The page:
HOW TO LIFT YOUR BUSINESS' HIGH PERFORMANCE BEYOND COMPETITION
How to lift your business' high performance beyond competition
Traditional business model teaches that the way to profitability in business is always strewn with carcasses of wounded or conquered competitors. The model positions competitors as entities that must be conquered, if a business is to thrive and achieve consistent profitability. The implication of this has been grave on the psyche of business operators, who believe that in business, foul is fair and fair is foul, especially if they are to be fair to the primary stakeholders (I mean shareholders) in the business. The battle to stay ahead of competition often engenders fierce battles, which in most cases involve the use of unethical or outright illegal means to achieve the ends (profitability and staying ahead of competition). This is what experts refer to as Red Ocean strategy. It is drawn from the allegorical fight for dominance, which usually comes to play among sharks in any colony in the ocean. As all the male species want to prove themselves the lord of the colony, there is sometimes a bloody fight, especially whenever such males meet in the colony. The result is a serious bloodbath, leaving a red pool of blood as entrails that ship operators see on the ocean.
However, a new business strategy seems to have jettisoned this. The new growth and profitability theory says companies do not need to engage in such a fierce competition before they can out-shine or out-perform one another. Essentially, the new theory, which experts say has prospects of transforming business fortunes beyond competition, was recently unveiled in Lagos by its world renowned expert and coach, Mr. Gavin Fraser.
According to Fraser, the new strategy, which he calls Blue Ocean strategy, has the ability to make businesses succeed in perpetuity, if the tenets are well applied.
This theory is in direct contrast to the Red Ocean strategy, employed by all companies in their efforts to ensure survival and profitability. It was developed by two renowned business professors, W. Chan Kim and Renee Mauborgne, after 15 years of hard work on business failures and solutions. Fraser, as coach of the strategy across the globe, says the two experts discovered that 'no company is permanently excellent.'
According to him, the only way for companies to succeed permanently is for businesses to 'create unknown market space as the best way to beat competition without putting up a fight, which can be done through Blue Ocean strategy.'
How can companies do this? Fraser says the solution lies in a return to the allegorical fight for dominance among sharks in colonies in the ocean. According to him, the part of the ocean, where sharks fight for dominance, is usually tepid and not so deep. But there is a part of the ocean that is usually deeper and colder, initially creating a scare (as most sharks do not want to venture therein). In most cases, this area normally appears like an enclave in the ocean, whose awareness most sharks do not have at all. The result is that few sharks ever venture into this realm in the ocean. Ironically, the place is usually full of most of the delicacies sought by sharks in the ocean. Besides, the environment is cosy. But in a life time, only a few sharks ever get to know of this and thrive there. This is the 'Blue' part of the 'Ocean', where there is no fight for competition and yet there is continual abundance, as sailors often affirm.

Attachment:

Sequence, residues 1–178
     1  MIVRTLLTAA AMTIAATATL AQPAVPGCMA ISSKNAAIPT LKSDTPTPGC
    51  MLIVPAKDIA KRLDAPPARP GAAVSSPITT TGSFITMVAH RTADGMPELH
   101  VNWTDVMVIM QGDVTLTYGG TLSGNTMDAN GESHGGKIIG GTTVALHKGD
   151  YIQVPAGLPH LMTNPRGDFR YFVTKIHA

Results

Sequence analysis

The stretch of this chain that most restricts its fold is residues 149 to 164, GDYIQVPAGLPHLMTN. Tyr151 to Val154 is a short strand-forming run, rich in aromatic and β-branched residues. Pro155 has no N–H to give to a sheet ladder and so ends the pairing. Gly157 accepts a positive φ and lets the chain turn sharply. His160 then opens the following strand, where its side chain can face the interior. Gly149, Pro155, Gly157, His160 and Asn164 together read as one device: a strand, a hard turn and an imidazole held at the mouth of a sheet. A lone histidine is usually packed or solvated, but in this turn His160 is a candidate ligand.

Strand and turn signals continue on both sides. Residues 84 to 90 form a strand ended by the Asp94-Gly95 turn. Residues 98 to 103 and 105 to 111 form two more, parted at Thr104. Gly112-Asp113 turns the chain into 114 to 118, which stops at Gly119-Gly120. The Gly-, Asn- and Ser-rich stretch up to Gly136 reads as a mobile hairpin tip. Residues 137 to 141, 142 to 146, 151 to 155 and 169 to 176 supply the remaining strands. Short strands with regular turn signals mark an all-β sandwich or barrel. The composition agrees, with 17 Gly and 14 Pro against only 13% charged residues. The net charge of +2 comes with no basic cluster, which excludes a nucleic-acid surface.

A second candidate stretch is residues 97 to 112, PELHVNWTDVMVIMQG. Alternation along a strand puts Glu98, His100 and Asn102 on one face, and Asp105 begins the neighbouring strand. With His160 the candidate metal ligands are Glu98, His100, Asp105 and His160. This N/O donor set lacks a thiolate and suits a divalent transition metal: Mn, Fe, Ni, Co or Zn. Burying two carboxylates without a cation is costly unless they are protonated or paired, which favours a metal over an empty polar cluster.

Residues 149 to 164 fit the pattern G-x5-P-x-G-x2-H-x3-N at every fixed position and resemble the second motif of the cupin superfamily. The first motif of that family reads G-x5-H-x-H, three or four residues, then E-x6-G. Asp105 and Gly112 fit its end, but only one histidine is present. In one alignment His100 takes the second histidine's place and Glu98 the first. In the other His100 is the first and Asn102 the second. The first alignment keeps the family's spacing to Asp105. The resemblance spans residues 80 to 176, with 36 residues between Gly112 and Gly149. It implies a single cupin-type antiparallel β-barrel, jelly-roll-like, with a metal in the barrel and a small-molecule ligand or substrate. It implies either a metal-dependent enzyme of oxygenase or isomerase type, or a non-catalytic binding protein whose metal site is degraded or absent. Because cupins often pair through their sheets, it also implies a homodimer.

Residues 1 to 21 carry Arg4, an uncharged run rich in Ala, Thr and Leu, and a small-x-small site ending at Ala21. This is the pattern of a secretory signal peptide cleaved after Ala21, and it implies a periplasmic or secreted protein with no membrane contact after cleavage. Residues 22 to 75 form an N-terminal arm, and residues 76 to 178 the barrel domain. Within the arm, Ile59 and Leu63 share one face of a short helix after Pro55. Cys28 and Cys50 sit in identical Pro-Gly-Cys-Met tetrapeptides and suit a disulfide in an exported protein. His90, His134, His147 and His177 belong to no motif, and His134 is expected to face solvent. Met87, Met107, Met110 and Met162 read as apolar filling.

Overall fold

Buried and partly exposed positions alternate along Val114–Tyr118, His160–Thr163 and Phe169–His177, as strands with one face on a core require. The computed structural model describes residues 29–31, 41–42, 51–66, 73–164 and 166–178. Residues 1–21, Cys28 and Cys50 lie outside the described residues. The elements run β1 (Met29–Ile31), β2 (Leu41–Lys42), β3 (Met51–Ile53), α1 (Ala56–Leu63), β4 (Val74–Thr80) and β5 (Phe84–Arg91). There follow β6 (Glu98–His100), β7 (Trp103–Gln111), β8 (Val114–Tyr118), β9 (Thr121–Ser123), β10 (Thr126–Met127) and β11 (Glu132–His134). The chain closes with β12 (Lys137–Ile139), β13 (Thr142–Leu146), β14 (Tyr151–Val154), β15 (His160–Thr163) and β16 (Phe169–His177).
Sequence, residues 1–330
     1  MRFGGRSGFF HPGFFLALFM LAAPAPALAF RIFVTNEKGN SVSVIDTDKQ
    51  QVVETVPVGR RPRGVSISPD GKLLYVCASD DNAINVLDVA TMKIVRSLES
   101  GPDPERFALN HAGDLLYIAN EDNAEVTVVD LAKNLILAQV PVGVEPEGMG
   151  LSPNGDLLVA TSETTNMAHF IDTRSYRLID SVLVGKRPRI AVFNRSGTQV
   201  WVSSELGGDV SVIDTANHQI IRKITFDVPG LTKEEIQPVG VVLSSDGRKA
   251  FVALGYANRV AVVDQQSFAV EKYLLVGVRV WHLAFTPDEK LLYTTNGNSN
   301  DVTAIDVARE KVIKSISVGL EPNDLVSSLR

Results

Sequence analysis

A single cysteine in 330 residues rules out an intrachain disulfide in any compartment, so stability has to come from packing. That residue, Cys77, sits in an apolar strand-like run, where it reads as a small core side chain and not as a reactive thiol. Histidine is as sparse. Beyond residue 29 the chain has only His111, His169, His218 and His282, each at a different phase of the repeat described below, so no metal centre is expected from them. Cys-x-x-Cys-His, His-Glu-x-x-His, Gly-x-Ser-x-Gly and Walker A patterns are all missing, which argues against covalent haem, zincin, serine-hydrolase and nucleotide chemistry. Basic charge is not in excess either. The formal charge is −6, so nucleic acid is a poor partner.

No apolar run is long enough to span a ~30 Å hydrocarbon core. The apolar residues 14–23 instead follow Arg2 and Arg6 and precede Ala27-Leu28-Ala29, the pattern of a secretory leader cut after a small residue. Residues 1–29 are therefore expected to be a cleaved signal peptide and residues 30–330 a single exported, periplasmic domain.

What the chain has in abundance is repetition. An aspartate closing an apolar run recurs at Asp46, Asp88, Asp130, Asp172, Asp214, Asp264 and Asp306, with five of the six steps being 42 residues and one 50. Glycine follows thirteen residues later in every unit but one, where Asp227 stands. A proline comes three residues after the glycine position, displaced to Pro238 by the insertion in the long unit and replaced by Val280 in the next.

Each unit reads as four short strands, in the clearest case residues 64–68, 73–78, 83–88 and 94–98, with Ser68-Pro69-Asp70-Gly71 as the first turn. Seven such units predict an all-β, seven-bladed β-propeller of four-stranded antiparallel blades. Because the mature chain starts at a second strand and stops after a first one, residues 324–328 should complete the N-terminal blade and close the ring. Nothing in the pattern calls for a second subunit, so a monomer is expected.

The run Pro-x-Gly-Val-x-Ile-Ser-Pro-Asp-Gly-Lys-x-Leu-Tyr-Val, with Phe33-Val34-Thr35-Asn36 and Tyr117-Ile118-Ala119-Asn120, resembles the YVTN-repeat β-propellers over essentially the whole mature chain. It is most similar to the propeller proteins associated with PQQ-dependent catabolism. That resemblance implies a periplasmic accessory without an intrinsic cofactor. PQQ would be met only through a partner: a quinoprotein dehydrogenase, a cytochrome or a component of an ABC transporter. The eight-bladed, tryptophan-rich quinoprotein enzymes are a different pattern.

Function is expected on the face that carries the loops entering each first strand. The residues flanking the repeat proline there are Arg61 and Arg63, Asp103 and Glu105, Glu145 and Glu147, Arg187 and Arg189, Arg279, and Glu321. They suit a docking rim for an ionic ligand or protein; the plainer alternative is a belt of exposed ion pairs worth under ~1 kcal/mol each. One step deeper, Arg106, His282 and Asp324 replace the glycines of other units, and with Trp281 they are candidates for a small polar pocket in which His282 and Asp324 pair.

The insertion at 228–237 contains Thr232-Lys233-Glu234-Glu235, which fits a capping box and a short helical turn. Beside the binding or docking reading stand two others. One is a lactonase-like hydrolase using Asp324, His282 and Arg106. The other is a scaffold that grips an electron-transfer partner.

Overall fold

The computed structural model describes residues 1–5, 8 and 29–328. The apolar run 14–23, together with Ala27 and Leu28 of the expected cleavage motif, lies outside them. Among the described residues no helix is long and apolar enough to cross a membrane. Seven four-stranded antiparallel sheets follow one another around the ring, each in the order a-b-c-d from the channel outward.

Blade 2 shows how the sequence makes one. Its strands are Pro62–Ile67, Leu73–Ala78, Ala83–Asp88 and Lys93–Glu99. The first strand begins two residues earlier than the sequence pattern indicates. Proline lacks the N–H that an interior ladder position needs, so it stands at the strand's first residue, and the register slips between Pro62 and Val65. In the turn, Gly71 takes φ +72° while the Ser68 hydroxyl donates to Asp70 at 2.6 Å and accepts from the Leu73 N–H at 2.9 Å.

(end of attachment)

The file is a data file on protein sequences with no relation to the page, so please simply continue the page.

Fraser says, 'The strategy focuses on how a company can develop an edge that no other company can rival. Microsoft did this, and the result has been unmatched. Blue Ocean strategy can be applied to product lines, where a firm comes up with what has never been produced before. Another way is to be innovative in terms of marketing, breaking bounds and barriers that no person or company has ever broken before. The result will leave such a company in an uncontested zone, where bloody fights involved in competition have no power or space.'
He lists three causes of dearth of innovation in today's business world. According to him, these include lack of priority to research and development in companies' scheme of operation; lack of effective links between R & D and businesses; and lack of links between R & D, academics and business usage.
'With careful considerations, it is not in all cases that firms have to innovate into new products or schemes, Sometimes, delving into results from R & Ds or works by academia can provide the break, if there is an effective synergy,' Fraser states.
To the Executive Chairman, Trithel International Consulting, the facilitating agency for the strategy in Nigeria, Chief Joseph Akpieyi, the Blue Ocean strategy has emerged as the latest instrument to make businesses boost success through diversification and innovative strategies.
He says businesses do not have to go through cut-throat competition to get a greater share of the existing market. The best way to beat competition is to focus on creating unknown market share. According to him, small businesses as well as big ones can thrive and succeed permanently through this strategy.